000 days

since the NMC committed to investigate its ‘established procedures’. We’re still watching!

Case Study 15 – mentored return to practice

Mar 17, 2023 | Case Studies | 0 comments

In April 2021  Raj contacted us following a referral to the NMC. 

Originally Raj had union representation from Unison. They withdrew this though, stating that she did not have sufficient cover on her payment scheme to give her full representation. She did appeal this decision but did not win, hence why she came to us for help and support with her case. 

When we first met Raj, she told us that she had not been entirely honest with her previous employer and had resigned shortly after the events in question. These involved her working shifts whilst off sick. It was difficult for her to acknowledge the professional misconduct as she had worked, in her mind, due to the necessity of needing to pay bills, but didn’t appreciate that this was wrong. We worked hard with Raj, allocating her both a buddy and also one-to-one mentoring with a case worker from our Advocacy Programme. The caseworker highlighted the key areas where she had failed and guided her on how to start addressing these. Her buddy would then do more formal work with her to help her understand how she could show good remediation and learning and demonstrate to the NMC that this behaviour would never be repeated. 

It was a difficult process for Raj, personally, but she was able to accept what she had done wrong and to truly be honest about the events that happened in her personal life, in order to reflect properly. Since then, she has been able to gain employment. This demonstrated good evidence that she was working without any additional risk for the NMC to be confident that these events were in the past.

In March 2023, two years after her referral, she received case closure with a warning. The warning will remain on her record for 3 years with the NMC having the ability to reopen her case if required, but effectively this means she can continue to work unrestricted.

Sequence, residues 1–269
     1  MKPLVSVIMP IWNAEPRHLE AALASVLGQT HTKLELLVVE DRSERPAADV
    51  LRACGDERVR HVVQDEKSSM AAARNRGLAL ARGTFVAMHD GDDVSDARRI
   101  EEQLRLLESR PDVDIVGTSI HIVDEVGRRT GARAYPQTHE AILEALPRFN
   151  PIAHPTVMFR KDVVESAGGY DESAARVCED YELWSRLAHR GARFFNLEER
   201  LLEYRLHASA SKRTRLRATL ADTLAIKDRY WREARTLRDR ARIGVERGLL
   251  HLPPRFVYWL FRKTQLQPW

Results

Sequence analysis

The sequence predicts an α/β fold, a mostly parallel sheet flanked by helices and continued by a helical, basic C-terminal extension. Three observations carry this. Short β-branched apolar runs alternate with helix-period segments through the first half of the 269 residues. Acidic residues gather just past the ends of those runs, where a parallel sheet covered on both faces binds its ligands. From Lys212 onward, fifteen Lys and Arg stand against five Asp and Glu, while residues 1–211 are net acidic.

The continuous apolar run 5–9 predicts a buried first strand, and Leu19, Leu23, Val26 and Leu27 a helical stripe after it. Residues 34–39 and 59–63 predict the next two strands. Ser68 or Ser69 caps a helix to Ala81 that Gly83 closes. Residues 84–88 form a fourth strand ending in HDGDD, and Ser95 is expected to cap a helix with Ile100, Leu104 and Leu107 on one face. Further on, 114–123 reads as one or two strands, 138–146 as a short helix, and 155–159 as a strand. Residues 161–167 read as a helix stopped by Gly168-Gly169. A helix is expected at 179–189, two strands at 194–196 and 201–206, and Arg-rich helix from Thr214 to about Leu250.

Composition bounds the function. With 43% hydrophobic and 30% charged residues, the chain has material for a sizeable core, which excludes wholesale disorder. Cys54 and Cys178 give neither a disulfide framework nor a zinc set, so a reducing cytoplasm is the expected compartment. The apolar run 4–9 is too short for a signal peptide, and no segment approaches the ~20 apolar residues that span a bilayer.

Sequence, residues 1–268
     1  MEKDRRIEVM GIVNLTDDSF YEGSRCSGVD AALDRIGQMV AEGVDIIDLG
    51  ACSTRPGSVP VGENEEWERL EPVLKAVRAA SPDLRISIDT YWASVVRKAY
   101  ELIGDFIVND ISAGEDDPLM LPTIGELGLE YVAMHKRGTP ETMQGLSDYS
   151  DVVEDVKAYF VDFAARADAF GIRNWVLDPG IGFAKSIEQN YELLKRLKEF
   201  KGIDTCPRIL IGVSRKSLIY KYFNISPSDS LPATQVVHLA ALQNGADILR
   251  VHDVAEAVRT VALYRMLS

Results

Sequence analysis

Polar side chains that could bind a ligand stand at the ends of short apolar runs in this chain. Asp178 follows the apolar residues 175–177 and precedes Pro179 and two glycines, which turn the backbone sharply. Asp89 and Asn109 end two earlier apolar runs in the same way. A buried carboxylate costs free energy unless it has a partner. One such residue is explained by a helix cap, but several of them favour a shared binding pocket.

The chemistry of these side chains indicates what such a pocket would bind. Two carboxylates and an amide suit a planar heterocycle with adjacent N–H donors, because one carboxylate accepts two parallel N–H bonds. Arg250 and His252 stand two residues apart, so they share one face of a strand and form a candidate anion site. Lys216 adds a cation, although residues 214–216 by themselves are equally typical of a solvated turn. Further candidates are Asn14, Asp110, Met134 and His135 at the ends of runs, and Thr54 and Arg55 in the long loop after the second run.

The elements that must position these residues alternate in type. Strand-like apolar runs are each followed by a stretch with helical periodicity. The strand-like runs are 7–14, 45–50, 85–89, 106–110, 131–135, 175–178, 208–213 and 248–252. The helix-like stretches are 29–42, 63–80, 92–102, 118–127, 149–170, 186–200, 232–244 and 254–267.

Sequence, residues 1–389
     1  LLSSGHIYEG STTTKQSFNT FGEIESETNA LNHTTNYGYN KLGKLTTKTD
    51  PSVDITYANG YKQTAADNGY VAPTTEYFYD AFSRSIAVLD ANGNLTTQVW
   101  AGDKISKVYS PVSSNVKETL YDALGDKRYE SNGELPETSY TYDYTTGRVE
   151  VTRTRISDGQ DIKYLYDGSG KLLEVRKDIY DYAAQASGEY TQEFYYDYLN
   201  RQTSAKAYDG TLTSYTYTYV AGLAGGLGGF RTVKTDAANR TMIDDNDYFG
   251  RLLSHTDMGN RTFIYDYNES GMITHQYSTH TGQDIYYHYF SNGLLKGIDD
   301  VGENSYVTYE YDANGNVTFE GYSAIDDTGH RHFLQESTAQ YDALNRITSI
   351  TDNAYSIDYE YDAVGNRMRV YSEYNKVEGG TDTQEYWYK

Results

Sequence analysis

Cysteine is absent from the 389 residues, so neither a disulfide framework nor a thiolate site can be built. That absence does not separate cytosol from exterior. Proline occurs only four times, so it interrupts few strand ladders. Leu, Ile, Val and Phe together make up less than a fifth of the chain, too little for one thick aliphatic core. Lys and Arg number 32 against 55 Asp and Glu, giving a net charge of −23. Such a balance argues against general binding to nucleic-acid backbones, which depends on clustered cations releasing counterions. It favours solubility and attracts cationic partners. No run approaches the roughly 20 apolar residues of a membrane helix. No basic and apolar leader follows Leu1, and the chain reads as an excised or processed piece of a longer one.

This case study has shown the following lessons:

  • The necessity of mentoring to enable understanding of the professional ramifications of your actions and to develop the necessary insight into how to improve.
  • Unions can’t always provide the necessary level of support for registrants who will not then be able to engage properly with the process and achieve what is required.
  • Lack of understanding of the ethics around this topic does not mean there isn’t an ability to change and improve.  
  • The two-year period to get to the outcome was necessary as it took a considerable amount of time for the registrant to understand her part in rectifying the situation.
  • If the NMC had placed an interim suspension order in place she would have been unable to gain the new job she did during process. The new job made her feel confident and secure and supported so that she could completely understand her poor past behaviour, without fear of ramifications with the employer.
  • The NMC could do more to educate registrants, particularly around contexts such as financial pressures when misconduct is experienced. If these financial pressures still exist, the registrant may be likely to repeat the behaviour if they aren’t helped to fully understand what they did wrong. 

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